Washington residents aren't alone in their struggles with credit card debt. On average, the typical credit card balance for Americans is more than $15,000. However, many consumers are bowed under much higher debts on their plastic and seeking ways to get out from under the debt mountain.
The problem with pulling out the plastic every time you make a purchase is that many consumers fail to pay off their balances in full each billing cycle. If the balance is not paid, interest is added, and the annual percentage rate is charged and added to the debt. Unless that balance is zeroed out every month, it doesn't take long to get into a big mess with credit card debt that can follow you around for years to come.
There are ways to bring down your debt, however. Two are lowering the outstanding debt amount and lowering the rate of interest charged. The first method simply means that more of your money must be allocated each month to paying down your debt. One of the easiest ways to do this is to set up automatic payments to your credit cards from your checking account each payday. The premise is if you don't have access to the money, it's impossible to spend it.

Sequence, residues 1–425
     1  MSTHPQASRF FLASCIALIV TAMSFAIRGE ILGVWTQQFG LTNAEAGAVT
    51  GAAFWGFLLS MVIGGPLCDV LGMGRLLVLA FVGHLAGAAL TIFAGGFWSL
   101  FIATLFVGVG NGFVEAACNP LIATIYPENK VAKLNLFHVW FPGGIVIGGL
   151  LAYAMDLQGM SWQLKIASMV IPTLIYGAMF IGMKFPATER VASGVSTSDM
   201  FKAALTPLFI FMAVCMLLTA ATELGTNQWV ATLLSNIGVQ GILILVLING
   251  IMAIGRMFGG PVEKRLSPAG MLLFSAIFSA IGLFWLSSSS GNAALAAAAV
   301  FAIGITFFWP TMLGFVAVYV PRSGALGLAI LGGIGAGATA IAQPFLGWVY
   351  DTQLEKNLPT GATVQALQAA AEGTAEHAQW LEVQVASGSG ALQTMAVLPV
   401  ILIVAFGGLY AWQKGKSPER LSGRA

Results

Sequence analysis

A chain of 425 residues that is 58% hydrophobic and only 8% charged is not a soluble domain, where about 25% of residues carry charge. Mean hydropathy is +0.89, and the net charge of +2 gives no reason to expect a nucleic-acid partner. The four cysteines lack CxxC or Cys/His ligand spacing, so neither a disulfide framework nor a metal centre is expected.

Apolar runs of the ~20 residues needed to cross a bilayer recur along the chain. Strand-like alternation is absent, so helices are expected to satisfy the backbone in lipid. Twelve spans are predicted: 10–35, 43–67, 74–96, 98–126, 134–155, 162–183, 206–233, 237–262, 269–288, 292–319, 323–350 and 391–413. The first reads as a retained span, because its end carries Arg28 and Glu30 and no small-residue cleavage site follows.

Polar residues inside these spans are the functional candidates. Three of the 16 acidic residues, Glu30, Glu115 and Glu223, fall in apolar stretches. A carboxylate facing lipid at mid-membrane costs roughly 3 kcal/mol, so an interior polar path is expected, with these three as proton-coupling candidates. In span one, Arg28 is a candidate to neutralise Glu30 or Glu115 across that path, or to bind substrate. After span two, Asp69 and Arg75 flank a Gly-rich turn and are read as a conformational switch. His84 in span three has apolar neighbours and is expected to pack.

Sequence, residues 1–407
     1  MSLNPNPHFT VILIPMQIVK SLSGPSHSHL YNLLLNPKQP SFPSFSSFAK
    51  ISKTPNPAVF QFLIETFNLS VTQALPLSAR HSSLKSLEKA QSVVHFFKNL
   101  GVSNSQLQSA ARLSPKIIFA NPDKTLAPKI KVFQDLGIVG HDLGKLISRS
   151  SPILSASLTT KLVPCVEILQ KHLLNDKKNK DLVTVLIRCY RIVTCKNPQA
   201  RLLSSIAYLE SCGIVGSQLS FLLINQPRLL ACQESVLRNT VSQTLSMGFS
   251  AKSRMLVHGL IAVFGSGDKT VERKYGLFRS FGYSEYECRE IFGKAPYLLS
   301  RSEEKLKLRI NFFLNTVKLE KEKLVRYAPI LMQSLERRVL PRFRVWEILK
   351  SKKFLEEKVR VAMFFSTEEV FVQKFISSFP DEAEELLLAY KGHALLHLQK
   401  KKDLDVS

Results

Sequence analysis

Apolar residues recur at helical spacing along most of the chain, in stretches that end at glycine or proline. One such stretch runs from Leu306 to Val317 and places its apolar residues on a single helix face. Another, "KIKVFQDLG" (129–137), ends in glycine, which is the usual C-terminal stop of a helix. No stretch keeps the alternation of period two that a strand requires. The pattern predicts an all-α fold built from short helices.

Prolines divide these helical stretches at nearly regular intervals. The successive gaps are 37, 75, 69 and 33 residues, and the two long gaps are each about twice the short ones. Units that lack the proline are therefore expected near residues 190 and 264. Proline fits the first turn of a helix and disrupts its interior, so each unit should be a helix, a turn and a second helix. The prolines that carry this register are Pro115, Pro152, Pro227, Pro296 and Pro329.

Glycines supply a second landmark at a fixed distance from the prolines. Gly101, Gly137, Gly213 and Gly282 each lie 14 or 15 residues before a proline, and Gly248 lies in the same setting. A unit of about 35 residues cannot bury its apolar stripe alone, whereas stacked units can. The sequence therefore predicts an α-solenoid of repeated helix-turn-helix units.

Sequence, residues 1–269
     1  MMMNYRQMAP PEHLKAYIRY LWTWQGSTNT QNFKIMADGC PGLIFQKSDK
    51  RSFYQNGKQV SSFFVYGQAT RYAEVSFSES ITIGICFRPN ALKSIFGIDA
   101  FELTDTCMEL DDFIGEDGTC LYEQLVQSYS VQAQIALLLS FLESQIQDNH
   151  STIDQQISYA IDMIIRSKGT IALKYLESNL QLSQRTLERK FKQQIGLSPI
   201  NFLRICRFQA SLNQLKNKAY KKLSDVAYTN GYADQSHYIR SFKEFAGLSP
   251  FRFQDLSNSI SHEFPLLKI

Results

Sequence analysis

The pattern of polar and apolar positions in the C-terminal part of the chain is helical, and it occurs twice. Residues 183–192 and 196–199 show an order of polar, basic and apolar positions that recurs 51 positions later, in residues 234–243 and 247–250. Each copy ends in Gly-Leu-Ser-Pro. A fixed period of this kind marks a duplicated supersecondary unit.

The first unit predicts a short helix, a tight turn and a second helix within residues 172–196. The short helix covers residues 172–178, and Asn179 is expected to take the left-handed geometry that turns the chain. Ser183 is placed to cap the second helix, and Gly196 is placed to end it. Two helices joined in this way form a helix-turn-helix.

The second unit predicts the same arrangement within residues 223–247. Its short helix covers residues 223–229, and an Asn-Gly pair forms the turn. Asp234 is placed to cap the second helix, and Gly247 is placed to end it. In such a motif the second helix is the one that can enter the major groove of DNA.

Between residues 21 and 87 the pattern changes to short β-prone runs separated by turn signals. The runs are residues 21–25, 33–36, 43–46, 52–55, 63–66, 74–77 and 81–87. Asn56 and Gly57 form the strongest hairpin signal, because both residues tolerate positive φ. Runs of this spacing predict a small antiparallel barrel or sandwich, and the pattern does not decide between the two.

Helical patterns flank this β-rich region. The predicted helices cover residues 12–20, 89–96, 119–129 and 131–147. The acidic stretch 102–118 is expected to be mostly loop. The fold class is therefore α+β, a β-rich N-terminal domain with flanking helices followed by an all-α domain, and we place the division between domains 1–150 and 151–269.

Another way to pay down debt is to take on some part-time or temporary work until your debt is paid off. Then make sure that all of these earnings are earmarked only for your debts.
Make sure that you are paying off the debts with the highest interest rates first for the best return on your money. This gets us to the second method, which involves lowering the interest rate and is useful if you qualify for a zero percent balance transfer credit card.
Most offers come with an introductory grace period of six to 18 months interest-free, giving you ample time to make a serious dent in your debt mountain. There may be a negligible one-time balance transfer fee of about three percent, however.
Opening a home equity-backed line of credit so that you can pay off unsecured debt can be another option. But this can be risky because if you fail to keep up with this debt, you could lose your home.
If you are in over your head, it may be time to consult with a Washington bankruptcy law attorney. He or she can review your options to wipe the slate clean and start anew.
Source: NerdWallet, "Dealing with credit card debt: How to get debt free" Anisha Sekar, Dec. 12, 2014